15. ^ Trenton (ed.), Patricia (1995). Independent Spirits: Women Painters of the American West, 1890-1945. Berkeley, Los Angeles: University of California Press. p. 134. 
  16. ^ Laird, W. David (1989). "The Hopi Photographs: Kate Cory, 1905-1912 by Marie Gared; Barton Wright; Marc Gaede". Journal of Arizona History 30 (3): 352–354. 
  17. ^ a b c d e f Kate Cory Collection: 1905-1912, Finding Aid Sharlot Hall Museum, Prescott, Arizona. Retrieved March 31, 2014.
  18. ^ Brown, Milton W., The Story of the Armory Show, The Joseph H. Hirshhorn Foundation, 1963, p. 232
  19. ^ Michael Leja. Looking Askance: Skepticism and American Art from Eakins to Duchamp. University of California Press; 1 March 2007. ISBN 978-0-520-24996-7. p. 222.
  20. ^ "Whites Preserve Indian Custom." Appleton Post Crescent. August 15, 1924. p. 2.
  21. ^ Skirting Traditions: Arizona Women Writers and Journalists 1912-2012. Wheatmark, Inc.; 2012. ISBN 978-1-60494-597-3. pp. 5-6.
  22. ^ Tricia Loscher. "Kate Thomson Cory: Artist in Hopiland." The Journal of Arizona History. 2002 . 43:1. pp. 1–40.
  23. ^ John Weston. Dining at the Lineman's Shack. University of Arizona Press; 2003. ISBN 978-0-8165-2283-5. pp. 117, 118.
  24. ^ a b c d e Kate T. Cory. Smoki Museum. Retrieved March 31, 2014. Cite error: Invalid <ref> tag; name "Smoki" defined multiple times with different content (see the help page).
  25. ^ Kate Cory. Find a Grave. Retrieved April 2, 2014.
  26. ^ a b Susan Bernardin. Trading Gazes: Euro-American Women Photographers and Native North Americans, 1880-1940. Rutgers University Press; 2003. ISBN 978-0-8135-3170-0. Chapter Two: I Became the Colony - Kate Cory's Hopi photographs. p. 76.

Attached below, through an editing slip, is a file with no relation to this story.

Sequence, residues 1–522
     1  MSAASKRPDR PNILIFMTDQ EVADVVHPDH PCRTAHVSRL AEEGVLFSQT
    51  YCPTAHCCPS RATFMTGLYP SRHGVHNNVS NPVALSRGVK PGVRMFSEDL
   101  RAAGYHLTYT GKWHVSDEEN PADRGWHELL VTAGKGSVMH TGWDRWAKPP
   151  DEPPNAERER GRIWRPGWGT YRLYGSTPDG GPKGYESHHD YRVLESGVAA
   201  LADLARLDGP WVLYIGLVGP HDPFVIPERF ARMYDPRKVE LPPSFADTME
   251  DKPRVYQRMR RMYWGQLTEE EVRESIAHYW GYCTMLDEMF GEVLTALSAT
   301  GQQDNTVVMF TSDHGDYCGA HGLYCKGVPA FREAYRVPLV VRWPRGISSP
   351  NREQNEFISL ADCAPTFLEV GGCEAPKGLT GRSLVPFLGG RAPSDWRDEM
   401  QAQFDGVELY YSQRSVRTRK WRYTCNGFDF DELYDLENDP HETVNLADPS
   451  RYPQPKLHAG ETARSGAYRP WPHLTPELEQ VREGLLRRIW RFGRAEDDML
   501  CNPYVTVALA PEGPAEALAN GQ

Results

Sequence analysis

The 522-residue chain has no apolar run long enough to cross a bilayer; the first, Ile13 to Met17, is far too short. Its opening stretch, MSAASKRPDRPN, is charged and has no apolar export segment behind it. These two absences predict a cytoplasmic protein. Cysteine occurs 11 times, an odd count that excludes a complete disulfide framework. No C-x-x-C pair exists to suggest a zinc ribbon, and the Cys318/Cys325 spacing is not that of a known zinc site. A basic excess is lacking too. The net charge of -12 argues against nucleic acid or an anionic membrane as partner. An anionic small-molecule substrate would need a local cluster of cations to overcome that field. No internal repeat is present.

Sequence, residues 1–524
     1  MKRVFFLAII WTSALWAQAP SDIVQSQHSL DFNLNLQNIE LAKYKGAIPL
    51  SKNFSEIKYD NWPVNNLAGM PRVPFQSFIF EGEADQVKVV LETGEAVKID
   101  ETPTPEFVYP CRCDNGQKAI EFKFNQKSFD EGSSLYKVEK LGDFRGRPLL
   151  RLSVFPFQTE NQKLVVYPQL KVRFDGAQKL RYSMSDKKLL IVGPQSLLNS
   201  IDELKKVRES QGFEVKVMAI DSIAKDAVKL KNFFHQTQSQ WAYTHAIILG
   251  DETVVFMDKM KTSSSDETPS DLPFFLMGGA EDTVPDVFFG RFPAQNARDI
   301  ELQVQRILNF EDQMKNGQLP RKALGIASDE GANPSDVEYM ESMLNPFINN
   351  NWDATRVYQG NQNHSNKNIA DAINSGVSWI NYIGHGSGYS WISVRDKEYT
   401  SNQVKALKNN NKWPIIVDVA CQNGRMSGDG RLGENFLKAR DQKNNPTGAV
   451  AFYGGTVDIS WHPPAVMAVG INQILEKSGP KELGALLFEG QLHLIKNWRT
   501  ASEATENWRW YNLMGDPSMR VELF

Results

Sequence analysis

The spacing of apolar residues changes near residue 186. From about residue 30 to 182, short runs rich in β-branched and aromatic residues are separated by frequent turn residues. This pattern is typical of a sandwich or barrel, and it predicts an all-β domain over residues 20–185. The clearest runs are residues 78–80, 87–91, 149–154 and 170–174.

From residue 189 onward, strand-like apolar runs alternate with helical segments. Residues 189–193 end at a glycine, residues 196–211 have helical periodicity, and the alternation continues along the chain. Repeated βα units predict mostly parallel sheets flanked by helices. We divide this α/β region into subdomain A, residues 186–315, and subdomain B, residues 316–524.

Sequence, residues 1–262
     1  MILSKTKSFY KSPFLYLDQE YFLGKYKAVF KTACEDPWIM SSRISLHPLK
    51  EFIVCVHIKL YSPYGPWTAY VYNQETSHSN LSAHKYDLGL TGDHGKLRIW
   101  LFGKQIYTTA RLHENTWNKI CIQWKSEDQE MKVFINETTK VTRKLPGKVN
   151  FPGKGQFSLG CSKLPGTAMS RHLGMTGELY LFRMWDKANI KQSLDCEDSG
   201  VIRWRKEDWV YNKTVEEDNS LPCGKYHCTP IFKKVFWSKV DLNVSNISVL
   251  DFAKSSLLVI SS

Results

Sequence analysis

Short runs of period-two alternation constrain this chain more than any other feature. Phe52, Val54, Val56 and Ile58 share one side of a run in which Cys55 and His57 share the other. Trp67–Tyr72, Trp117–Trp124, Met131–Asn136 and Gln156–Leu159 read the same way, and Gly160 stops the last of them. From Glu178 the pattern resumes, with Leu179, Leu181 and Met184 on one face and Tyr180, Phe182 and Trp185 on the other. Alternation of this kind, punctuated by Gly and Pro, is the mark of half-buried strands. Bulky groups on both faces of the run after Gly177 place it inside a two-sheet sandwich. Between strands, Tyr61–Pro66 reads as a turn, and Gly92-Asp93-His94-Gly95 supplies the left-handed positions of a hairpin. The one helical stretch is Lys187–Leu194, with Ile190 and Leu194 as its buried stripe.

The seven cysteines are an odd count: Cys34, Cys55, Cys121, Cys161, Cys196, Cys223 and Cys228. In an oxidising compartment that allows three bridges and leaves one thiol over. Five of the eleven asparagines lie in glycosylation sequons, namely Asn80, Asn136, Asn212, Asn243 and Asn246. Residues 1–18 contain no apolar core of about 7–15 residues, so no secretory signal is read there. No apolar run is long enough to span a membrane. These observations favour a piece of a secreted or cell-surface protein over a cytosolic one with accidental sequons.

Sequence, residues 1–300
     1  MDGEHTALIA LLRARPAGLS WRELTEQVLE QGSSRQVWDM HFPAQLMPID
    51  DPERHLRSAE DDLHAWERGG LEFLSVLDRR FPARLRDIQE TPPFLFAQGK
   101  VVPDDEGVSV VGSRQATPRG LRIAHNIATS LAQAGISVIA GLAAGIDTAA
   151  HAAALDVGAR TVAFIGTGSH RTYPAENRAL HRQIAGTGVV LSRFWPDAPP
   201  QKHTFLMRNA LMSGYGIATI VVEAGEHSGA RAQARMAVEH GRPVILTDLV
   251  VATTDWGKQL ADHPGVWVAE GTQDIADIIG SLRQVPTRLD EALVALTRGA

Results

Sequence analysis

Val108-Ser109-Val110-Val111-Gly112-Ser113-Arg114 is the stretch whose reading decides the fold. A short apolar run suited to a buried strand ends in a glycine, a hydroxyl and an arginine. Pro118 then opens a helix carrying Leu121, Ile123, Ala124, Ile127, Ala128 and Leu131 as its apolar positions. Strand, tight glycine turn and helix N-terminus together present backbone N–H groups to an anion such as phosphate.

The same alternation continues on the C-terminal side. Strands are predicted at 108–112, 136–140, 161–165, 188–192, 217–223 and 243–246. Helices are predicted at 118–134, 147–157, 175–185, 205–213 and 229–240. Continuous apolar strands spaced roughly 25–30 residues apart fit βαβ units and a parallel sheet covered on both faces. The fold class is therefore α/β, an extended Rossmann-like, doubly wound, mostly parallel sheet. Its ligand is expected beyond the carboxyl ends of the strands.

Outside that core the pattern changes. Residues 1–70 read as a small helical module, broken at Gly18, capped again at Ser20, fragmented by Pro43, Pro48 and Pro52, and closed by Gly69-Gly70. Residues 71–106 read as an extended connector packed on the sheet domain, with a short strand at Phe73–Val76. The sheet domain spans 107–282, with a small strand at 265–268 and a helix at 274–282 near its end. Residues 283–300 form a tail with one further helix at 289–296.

27. ^ Susan Bernardin. Trading Gazes: Euro-American Women Photographers and Native North Americans, 1880-1940. Rutgers University Press; 2003. ISBN 978-0-8135-3170-0. Chapter Two: I Became the Colony - Kate Cory's Hopi photographs. p. 87.
  28. ^ a b c d e f g h i j k l m n o p q r s t u v w x y z aa ab ac ad ae af ag ah ai aj ak al am an ao ap Search: Kate Cory. Smithsonian Institution, SIRIS Online Collections system. Retrieved March 31, 2014.
  29. ^ Susan Bernardin. Trading Gazes: Euro-American Women Photographers and Native North Americans, 1880-1940. Rutgers University Press; 2003. ISBN 978-0-8135-3170-0. p. x.

Further reading[edit]

  • Marnie Gaede, et al. The Hopi Photographs: Kate Cory, 1905-1912. Chaco Press; 1986.
  • "Images of Hopi" Plateau. Magazine of The Museum of Northern Arizona. 1991.
  • Gary Fillmore. "Shadows on the Mesa-Artists of the Painted Desert and Beyond". Schiffer Publishing; 2012
  • Ginger Johnson. Kate T. Cory: Artist of Arizona, 1861-1958. 1996.
  • Tricia Loscher; Kate Cory. Kate Thomson Cory: Artist and Ethnographer of Arizona. Arizona State University; 2000.
  • Peter E. Palmquist. "Women Photographers and the American Indian," in An Idaho Photographer In Focus. Pocatello, Idaho: Idaho State University, 1993, pp. 121–149.